This may come as a shock to some of our readers, especially the 25-35 year old college educated population our analytics say we reach, but there was a time when business deals originated face-to-face; mano y mano.

The Lost Art of the Elevator Pitch

By Brian D. Aitken,  Founder & Chief Creative Director of Alister & Paine. Brian is an expert in digital media and founded the Young Entrepreneur of the Year Award to provide aspiring entrepreneurs with a Marketing & PR package to help promote entrepreneurism and accelerate America’s economic recovery. Brians work and expertise has been featured in The Wall Street Journal, USA Today, FOX Business, CNBC, and Yahoo News.

This may come as a shock to some of our readers, especially the 25-35 year old college educated population our analytics say we reach, but there was a time when  business deals originated face-to-face; mano y mano.

During this time men still wore suits to work and people rode the elevators to visit clients and prospects and not just to grab a smoke by the back door… back then people smoked their Turkish Golds by the front door—but isn’t that the point? Hasn’t a lot changed since then?

Many years ago, before the casual transformation of business via BBMing, professionals were expected to craft a perfect elevator pitch aka ’30 second commercial’. These pitches were a work of well thought out mindfulness—straight to the point, in thirty seconds or less, before your elevator buddy got off at their floor. The pitch answered the most obvious questions: who you are, who you work for, what you do, why you’re different, and how to reach you… the last part being a perfect segue into handing this complete stranger your business card.

Alas, this was back during a time when strangers actually talked to each other in elevators. The last time I thought a stranger was talking to me in an elevator she turned out to be on her Bluetooth and glared at me for being so infantile as to presume she’d actually be striking up conversation with me… the only other person in the elevator.

Apologies for the tangent. I believe I was in the middle of telling you about the art of the elevator pitch, a useful arrow in the quiver of businessmen past, and was about to explain how the elevator pitch is just as relevant today as it was twenty years ago—but then I went off on that tangent about those damned bluetooths.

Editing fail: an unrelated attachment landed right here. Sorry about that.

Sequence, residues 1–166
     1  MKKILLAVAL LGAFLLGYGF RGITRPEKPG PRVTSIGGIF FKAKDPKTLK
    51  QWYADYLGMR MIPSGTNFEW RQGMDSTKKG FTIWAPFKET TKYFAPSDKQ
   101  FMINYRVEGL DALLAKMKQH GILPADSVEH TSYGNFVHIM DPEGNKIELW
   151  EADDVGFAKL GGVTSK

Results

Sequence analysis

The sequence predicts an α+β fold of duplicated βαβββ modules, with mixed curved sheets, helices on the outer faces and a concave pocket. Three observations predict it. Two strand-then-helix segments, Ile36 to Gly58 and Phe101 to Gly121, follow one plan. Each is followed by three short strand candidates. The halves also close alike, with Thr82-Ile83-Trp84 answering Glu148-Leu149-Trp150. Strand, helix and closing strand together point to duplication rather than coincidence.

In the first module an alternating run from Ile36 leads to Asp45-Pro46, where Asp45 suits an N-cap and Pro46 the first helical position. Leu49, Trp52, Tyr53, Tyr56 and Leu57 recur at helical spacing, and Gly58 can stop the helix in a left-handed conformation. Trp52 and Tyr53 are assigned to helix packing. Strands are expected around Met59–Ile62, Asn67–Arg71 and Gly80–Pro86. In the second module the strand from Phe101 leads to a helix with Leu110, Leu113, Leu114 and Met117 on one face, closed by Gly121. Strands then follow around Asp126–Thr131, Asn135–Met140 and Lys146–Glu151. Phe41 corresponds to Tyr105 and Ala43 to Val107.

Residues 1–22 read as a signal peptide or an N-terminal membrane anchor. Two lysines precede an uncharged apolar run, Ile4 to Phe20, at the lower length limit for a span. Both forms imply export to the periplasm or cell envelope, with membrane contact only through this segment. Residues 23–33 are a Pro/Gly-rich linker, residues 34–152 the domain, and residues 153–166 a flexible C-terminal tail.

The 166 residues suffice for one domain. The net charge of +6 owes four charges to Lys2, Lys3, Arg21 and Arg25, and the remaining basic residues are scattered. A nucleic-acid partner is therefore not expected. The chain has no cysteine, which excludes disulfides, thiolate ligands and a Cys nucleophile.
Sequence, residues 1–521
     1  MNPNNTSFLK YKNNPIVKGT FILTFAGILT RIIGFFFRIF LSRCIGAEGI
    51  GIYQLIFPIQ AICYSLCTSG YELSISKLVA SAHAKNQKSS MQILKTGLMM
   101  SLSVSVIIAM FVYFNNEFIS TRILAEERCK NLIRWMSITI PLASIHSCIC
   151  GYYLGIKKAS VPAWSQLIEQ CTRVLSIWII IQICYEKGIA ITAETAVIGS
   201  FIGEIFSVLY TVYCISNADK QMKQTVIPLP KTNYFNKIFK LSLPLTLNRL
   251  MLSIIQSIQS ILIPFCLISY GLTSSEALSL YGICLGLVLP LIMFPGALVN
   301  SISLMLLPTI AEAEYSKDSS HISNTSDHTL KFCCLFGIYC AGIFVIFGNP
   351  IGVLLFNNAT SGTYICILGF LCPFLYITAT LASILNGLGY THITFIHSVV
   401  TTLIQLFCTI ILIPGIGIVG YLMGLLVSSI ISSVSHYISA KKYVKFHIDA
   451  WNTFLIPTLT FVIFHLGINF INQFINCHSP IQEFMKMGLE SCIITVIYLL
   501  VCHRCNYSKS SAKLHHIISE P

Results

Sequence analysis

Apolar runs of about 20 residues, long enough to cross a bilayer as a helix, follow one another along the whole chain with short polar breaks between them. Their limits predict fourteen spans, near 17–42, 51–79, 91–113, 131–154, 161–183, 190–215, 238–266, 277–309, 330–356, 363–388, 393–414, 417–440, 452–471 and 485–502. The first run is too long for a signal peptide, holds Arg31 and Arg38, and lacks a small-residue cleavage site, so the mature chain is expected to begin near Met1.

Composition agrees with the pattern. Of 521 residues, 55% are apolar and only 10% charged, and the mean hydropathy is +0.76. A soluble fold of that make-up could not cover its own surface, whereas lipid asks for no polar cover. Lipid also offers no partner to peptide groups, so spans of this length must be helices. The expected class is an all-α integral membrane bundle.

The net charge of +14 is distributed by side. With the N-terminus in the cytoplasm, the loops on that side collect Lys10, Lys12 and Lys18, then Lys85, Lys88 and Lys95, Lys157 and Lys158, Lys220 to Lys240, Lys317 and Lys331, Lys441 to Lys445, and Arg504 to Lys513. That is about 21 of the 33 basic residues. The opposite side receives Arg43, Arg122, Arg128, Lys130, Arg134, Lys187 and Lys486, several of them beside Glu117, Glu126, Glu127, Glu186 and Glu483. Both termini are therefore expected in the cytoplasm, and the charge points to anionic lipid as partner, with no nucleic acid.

The fact of the matter is that from time to time you still interact with humans verbally. Albeit, this is a rare occasion. But doesn’t the rarity of the occasion make the content and delivery of the pitch all the more important?

Case in point: have you ever been at a party and asked someone ‘So, what do you do?’, only to be assaulted with some bumbling long winded recount of childhood ambitions and how they came to sell insurance? After thirty seconds you’re thinking ‘Well, they ought to be wrapping this up momentarily…’ but ten minutes later the guy is still droning on and your eyes are desperately darting around the room looking for someone to save you. Not to mention you’re certainly not going to buy insurance from him.

The elevator pitch can save you from being ‘that guy’ and, trust me, people will appreciate your candor. Keep the pitch short and sweet and move the conversation to them. What do they do? How long have they been doing it? What do they do outside the office? This kind of conversational volley may turn you into their ‘go-to-guy’ instead of being the narcissist everyone else at the party avoids at all costs.

This antiquated practice has some more modern applications as well. The elevator pitch can be easily modified into the introduction for a well crafted e-mail marketing campaign and may very well save you from sending yet another anonymous e-mail from the corporate ether. Just like in conversation, after a few impactful sentences all the formalities are over with and you can get down to business.

We live in a very anonymous corporate world with lots of transferred calls and no faces to put to a name. Introducing yourself briefly adds reassurance and accountability. Begin your introductory e-mails with your elevator pitch and people will realize there’s a human on the other end…that you’re not actually a corporate spambot.

Remember, you are not the company you work for and you are not ‘Customer Service Agent #856’. You are you. You are a person. Embrace your humanity and, if you’re bold enough, go strike up a conversation with a complete stranger… in an elevator.